Equal treatment for women on inheritance

The lack of agency of women in India is a moral and ethical problem. It is also a lost opportunity for economic progress. There are numerous mechanisms at work, including the workings of the Indian state, which hold women back. One element of the problem is the treatment of self-acquired property of women in the Hindu Succession Act. The present law is immoral and raises concerns about constitutionality. Addressing this is one of the many tangible actions through which gender relations in India can be improved.

In all countries, women are less engaged than men in the labour force, owing to the constraints of child care. But the numerical values that we see in India are out of line. As an example, in August 2020, just 8 per cent of the women of the age group 16-64 were working. In urban India, 6.6 per cent of women in this age group were working. A casual glance at public places in India shows few women. We are doing worse than countries in the region such as Bangladesh.

We should aspire to do better. By any reasonable yardstick, the women’s employment rate needs to go up by 40 percentage points, to 48 per cent. This would still be 16 percentage points below the employment rate for men, and it would be much below China’s level. But if this were achieved, the Indian workforce would enlarge by 50 per cent, and if other aspects of the economy grew commensurately, then gross domestic product (GDP) would enlarge by 50 per cent. We are talking about very large impacts here: A 50 per cent expansion of GDP takes us from $2.5 trillion per year to $3.75 trillion per year. If this one change (women’s employment rate to change from 8 per cent to 48 per cent) could be achieved over a 10-year period, this alone would contribute 4 per cent a year to GDP growth.

Gender equality is often seen as a moral problem or the concern of some activists. These calculations show that it should be front and centre in economic policy strategy. Everyone who cares about high GDP growth in India should prioritise women’s agency. We must keep our eyes on the big idea (getting women’s employment from 8 to 48 per cent) and make progress on a large number of tangible actions. These actions pertain to issues such as labour law, safety of women, and property rights of women; all of which will add up to women as first-class members of Indian society.

Consider one example, Om Prakash vs. Radhacharan [(2009) 15 SCC 66]. The case involved a dispute over Naryani Devi’s property after her death. Narayani’s husband had died 3 months after their marriage in 1955. The husband’s family drove Narayani out of her matrimonial home, immediately after his death, and she returned to her parents’ home. Her parents provided her with education, after which she got a job and built up her savings. She died in 1996 without writing a will. Her mother and brothers-in-law got into a dispute over the inheritance of her property.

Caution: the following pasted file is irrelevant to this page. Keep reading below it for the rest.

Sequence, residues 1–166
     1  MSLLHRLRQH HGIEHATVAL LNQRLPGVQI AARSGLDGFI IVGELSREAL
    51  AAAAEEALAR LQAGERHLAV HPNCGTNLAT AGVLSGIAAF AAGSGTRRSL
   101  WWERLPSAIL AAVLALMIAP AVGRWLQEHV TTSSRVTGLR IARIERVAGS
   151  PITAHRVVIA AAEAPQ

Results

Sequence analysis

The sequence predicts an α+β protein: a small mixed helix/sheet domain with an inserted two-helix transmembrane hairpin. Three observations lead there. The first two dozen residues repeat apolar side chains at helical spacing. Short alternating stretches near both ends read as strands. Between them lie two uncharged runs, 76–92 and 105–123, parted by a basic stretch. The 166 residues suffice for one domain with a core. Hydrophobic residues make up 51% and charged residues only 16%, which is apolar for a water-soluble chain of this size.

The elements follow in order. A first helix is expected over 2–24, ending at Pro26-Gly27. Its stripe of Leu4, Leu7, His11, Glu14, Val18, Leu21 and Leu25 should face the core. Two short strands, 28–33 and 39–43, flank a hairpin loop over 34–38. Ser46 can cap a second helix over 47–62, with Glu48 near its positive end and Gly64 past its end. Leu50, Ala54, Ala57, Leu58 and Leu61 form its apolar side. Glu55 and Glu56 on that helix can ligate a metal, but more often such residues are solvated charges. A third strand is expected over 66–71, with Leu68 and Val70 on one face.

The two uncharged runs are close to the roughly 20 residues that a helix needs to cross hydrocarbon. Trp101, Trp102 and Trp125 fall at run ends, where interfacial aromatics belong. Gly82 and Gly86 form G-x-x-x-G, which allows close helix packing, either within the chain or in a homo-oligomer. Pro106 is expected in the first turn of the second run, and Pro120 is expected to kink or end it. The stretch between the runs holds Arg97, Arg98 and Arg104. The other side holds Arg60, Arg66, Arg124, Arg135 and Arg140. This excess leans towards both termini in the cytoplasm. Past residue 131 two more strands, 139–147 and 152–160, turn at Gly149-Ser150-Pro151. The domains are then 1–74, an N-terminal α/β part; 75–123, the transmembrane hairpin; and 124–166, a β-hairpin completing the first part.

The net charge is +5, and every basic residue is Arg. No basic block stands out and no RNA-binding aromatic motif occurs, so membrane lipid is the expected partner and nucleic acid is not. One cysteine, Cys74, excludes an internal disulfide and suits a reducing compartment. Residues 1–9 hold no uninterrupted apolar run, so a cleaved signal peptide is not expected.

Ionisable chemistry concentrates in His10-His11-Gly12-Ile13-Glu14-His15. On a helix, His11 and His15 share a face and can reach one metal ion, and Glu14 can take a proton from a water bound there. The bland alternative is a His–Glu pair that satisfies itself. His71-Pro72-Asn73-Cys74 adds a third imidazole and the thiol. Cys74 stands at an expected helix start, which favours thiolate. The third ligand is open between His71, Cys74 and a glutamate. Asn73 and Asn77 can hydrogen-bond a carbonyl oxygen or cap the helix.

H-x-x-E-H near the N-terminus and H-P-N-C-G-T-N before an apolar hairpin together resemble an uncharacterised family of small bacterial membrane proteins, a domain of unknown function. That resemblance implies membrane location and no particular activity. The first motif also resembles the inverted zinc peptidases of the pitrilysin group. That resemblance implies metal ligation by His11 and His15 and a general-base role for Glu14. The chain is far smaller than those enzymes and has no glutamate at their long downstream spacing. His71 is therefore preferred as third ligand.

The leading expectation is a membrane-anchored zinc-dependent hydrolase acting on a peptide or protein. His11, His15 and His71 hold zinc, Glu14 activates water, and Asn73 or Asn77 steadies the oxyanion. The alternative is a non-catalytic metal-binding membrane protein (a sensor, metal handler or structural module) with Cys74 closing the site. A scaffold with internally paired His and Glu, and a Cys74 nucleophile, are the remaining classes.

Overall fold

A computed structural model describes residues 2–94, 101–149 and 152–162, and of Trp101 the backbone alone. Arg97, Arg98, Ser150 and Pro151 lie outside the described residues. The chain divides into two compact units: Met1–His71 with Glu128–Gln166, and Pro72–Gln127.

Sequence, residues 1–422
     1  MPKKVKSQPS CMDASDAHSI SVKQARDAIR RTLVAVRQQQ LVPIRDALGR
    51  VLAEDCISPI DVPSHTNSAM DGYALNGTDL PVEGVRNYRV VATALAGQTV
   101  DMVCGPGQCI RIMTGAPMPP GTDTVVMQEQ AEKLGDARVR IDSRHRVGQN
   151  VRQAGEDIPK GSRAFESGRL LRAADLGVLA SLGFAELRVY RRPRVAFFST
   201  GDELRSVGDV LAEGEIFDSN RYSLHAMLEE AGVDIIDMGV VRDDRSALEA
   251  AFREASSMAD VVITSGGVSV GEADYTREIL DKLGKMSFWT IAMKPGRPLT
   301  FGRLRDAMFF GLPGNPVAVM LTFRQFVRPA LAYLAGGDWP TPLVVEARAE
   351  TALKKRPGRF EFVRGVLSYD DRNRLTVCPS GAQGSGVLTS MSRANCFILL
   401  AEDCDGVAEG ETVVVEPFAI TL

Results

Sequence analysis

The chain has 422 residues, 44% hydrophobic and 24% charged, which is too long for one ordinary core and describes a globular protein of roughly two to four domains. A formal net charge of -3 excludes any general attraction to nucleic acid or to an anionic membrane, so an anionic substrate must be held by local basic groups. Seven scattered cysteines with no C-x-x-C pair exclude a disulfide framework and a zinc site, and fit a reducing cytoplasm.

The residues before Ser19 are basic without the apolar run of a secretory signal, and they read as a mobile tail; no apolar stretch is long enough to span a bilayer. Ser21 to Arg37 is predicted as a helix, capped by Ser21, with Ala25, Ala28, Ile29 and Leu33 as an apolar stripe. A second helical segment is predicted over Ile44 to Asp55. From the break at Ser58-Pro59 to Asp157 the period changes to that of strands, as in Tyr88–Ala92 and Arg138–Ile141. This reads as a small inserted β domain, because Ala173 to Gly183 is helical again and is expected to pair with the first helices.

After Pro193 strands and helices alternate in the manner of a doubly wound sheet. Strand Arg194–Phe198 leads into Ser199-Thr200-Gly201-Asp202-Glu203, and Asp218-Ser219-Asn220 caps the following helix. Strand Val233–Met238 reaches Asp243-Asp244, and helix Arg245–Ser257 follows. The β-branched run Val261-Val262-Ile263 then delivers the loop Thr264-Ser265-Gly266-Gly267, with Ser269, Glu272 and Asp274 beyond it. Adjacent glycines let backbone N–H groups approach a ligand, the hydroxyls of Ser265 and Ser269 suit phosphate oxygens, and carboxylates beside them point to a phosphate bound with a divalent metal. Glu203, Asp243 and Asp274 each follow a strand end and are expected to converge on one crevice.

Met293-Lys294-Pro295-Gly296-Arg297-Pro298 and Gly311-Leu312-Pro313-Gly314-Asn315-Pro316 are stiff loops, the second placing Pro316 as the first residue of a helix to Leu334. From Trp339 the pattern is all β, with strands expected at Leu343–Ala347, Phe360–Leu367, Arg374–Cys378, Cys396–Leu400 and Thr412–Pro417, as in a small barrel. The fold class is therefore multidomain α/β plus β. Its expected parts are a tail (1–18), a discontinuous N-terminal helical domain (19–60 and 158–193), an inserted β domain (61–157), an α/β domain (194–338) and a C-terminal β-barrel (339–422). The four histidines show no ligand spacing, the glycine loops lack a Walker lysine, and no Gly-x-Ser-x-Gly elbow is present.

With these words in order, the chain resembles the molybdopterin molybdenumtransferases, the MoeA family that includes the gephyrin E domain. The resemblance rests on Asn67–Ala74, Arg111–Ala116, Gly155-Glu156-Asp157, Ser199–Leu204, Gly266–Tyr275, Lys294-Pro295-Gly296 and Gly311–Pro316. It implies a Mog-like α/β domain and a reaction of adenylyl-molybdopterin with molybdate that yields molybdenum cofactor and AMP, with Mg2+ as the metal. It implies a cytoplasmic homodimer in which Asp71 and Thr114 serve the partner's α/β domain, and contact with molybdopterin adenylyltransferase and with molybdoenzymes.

The Supreme Court ruled that in this situation, the heirs of the pre-deceased husband (i.e. the brothers-in-law) get the property. So the people who had thrown Narayani Devi out of their house in 1955 ended up with the wealth that she built up in the following 41 years. The laws governing intestate succession favour the male lineage and the women’s married family more than the woman’s family. This would not have happened if Narayani were a man, or if she were a Christian, Parsi, Jewish, Muslim, or if she were a resident of the state of Goa.

Devendra Damle et al, who are researchers at National Institute of Public Finance and Policy (NIPFP), have an important article, “Gender discrimination in devolution of property under Hindu Succession Act, 1956”, which deciphers how this state of affairs came about and how to solve it.

Illustration: Ajay Mohanty
Their analysis shows the legal flaws in the present arrangements. They raise concerns about the extent to which the present law conflicts with the equal treatment and non-discrimination concepts of the Constitution. The present law gives Hindu women an inferior treatment when compared with women of other religions. It is violative of India’s international commitments on discrimination against women.

Under Article 15(1), the Indian state cannot enact laws which discriminate between Indian citizens solely on the basis of religion, caste, sex, and place of birth. In a landmark case, Mamta Dinesh Vakil vs Bansi Wadhwa (2012), the Bombay High Court stated that different schemes of devolution for men and women constitute discrimination solely on the basis of sex, and violate Article 15(1). However, it referred the question to a larger Bench, which has so far not been constituted.

Differential treatment by gender in matters of inheritance/succession has been removed in one country after another. Examples of this include France (1804), the Netherlands (late 1800s), Sri Lanka (1894), Germany (1905), England (1925), Thailand (1925), and Brazil (1988). Even within India, we see sound treatment in the Indian Succession Act and in Goa. It is time for India to catch up with these reformers.

Perhaps the drafters of the Hindu Succession Act did not envisage a world where women could work and acquire property. But now there are many women in India who have incomes and property. Political thinking in India in recent decades has evolved towards more enlightened ways. In 2005, the Hindu Succession Act was amended to give better rights to daughters. On August 11, 2020, the Supreme Court ruled that the 2005 amendment was applicable to women born before the amendment.

When the Indian state gives equal treatment to women on property rights, this will change the incentives for women to work. This is one element of the changes required in society and in the state, to get the required change of 40 percentage points of the women’s employment rate.

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